Baby Boomers Snatched Up The Majority Of Homes In 2022, According To New Report

When a home goes up for sale next door, you may expect a particular type of buyer to move in. You would be wrong, however, if you assume that younger people are the only ones primarily buying homes. Though the real estate market has significantly changed in the last few years, many people still want to own a home. The question is, though, who can afford to buy one? Data from the National Association of Realtors' 2023 Home Buyers and Sellers Generational Trends Report shares some fascinating insight into who is buying homes. It found that, when combined, young baby boomers and older baby boomers (those born from 1946 through 1964) accounted for the most significant number of people purchasing homes in the US, making up 39% of all home buyers. That figure stood at only 29% in the previous year, marking a significant increase.

The shortage of homes for sale in many high-demand areas, coupled with the higher costs associated with home loans, is making it a bit more challenging for anyone to buy a home. Yet, one generation seems more poised to be able to do so than others. If you were considering buying a home and lost out on the property you were dreaming about owning, it could be because a baby boomer got to it before you did. Why is this generation so invested in buying homes in 2023?

Baby boomers bought more homes in 2023

Baby boomers may be buying more homes, but that doesn't mean others are fleeing the market. The data shows millennials purchased 28% of the homes in 2022, significantly less than their 43% share the previous year. The report defines millennials as those who were born between 1980 and 1998. Gen X, born between 1965 and 1979, made up about 24% of all home buyers for the year. The oldest generation, the Silent Generation (born from 1925 through 1945), purchased just 4% of homes (per the National Association of Realtors).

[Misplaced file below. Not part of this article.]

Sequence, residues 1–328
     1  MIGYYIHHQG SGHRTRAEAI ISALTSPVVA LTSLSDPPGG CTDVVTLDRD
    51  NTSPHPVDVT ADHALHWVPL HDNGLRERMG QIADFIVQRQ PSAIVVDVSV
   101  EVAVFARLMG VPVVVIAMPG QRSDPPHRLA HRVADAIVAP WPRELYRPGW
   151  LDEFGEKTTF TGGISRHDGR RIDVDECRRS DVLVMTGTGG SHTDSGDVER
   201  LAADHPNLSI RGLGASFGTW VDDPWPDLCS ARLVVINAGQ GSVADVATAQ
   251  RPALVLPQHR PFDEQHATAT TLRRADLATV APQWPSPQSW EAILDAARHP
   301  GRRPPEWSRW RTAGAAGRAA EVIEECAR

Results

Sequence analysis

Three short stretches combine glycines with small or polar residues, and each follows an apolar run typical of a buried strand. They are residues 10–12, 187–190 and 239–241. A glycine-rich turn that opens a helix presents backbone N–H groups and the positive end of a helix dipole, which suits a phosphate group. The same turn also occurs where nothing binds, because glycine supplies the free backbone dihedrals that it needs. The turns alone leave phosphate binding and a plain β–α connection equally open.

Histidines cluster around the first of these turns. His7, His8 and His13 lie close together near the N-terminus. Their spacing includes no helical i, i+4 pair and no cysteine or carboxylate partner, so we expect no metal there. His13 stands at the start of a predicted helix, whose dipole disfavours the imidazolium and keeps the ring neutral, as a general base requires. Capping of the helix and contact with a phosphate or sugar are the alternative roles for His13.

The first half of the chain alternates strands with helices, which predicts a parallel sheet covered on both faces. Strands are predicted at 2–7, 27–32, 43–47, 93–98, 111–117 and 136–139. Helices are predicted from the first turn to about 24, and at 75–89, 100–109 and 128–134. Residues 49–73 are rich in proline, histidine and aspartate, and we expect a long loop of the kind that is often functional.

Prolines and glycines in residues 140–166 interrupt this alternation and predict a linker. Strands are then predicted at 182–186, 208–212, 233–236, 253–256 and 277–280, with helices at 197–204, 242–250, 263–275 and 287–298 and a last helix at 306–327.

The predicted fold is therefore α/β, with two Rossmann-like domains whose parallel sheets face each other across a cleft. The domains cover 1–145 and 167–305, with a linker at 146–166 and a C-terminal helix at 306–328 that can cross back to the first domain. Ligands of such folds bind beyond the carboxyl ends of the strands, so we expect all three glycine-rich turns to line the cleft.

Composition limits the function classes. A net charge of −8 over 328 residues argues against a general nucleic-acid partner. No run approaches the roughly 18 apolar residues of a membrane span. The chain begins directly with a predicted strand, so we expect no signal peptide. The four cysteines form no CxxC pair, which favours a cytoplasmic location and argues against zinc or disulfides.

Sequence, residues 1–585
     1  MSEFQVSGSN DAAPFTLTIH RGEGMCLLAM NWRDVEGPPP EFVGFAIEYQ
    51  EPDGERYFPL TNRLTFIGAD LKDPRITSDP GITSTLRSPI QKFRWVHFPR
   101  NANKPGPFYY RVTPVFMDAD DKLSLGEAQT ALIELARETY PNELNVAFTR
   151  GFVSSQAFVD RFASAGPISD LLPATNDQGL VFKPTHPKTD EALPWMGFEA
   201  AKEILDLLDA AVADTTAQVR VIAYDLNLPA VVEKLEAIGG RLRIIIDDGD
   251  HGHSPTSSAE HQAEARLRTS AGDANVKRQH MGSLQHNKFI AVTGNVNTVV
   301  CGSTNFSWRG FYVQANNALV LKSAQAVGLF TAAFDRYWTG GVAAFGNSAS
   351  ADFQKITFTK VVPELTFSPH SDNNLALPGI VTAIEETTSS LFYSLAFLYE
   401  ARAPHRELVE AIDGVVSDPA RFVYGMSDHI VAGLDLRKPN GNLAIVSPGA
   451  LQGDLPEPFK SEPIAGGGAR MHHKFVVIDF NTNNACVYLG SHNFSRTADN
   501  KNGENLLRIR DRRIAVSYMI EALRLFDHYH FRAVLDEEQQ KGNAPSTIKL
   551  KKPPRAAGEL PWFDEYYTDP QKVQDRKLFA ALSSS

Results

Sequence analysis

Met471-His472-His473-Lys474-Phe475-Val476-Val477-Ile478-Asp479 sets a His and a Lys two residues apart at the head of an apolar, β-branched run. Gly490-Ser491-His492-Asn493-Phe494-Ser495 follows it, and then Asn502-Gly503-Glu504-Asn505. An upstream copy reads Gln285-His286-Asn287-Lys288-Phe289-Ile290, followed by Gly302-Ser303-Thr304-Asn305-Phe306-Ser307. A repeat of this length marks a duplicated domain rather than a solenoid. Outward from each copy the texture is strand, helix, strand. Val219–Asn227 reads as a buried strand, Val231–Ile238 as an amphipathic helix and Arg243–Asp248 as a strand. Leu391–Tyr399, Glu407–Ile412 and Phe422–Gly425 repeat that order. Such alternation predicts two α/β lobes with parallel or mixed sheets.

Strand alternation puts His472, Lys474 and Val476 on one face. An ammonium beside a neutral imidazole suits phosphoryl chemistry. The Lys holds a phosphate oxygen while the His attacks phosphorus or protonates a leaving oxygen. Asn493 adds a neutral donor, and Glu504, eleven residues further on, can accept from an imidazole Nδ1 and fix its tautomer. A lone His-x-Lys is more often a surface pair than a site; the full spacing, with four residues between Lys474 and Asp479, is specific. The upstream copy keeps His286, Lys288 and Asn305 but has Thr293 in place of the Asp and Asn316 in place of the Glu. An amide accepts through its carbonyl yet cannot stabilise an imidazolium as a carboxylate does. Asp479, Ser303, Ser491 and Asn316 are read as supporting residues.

Gen Z may seem relatively young, but this generation born between 1999 and 2004 initiated about 4% of home purchases, double the amount from the previous period. While most millennials put off buying homes while they were younger — as many of them also delayed getting married and having children — it's too soon to predict when Gen Z will view it as the right time to make this big financial commitment. 

Why are baby boomers so much more involved in the market?

There could be many reasons for older homebuyers dominating the real estate market. Core to that is typically the position they are in financially. Baby boomers often have more money put aside and more equity in their current homes that they can cash out and use to help them buy today's high-value properties. Some may even be able to make cash payments or make a larger down payment than their competition.

Some may suspect that baby boomers are buying homes at a rapid pace as they downsize; this is a misconception. Rather, they often buy the same type and size homes they already own. However, they may opt to move to a new area for a more desirable lifestyle or due to important economic considerations.

Also notable is that first-time home buyers, who are typically younger, saw a significant decrease in their share of total home purchases. This group made up just 26% of all home purchases in 2022 (per the National Association of Realtors), which is much lower than the 34% it made up the year prior. This, too, could be due to how much more expensive borrowing to buy a home has become.